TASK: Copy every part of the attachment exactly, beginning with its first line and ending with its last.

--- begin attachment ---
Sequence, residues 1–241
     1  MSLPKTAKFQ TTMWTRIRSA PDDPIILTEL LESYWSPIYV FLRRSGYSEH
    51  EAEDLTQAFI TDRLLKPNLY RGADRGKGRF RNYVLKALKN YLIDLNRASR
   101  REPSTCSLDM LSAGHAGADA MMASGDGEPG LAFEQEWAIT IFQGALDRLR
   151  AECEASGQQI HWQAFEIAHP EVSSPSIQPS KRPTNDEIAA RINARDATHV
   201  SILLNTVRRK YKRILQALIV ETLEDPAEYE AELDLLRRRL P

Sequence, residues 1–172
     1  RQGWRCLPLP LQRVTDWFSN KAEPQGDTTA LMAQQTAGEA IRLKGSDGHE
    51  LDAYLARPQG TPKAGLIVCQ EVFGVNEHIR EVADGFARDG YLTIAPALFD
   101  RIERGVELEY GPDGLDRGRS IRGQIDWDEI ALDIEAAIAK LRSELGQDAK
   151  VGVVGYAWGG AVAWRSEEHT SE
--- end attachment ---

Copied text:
Sequence, residues 1–241
     1  MSLPKTAKFQ TTMWTRIRSA PDDPIILTEL LESYWSPIYV FLRRSGYSEH
    51  EAEDLTQAFI TDRLLKPNLY RGADRGKGRF RNYVLKALKN YLIDLNRASR
   101  REPSTCSLDM LSAGHAGADA MMASGDGEPG LAFEQEWAIT IFQGALDRLR
   151  AECEASGQQI HWQAFEIAHP EVSSPSIQPS KRPTNDEIAA RINARDATHV
   201  SILLNTVRRK YKRILQALIV ETLEDPAEYE AELDLLRRRL P

Sequence, residues 1–172
     1  RQGWRCLPLP LQRVTDWFSN KAEPQGDTTA LMAQQTAGEA IRLKGSDGHE
    51  LDAYLARPQG TPKAGLIVCQ EVFGVNEHIR EVADGFARDG YLTIAPALFD
   101  RIERGVELEY GPDGLDRGRS IRGQIDWDEI ALDIEAAIAK LRSELGQDAK
   151  VGVVGYAWGG AVAWRSEEHT SE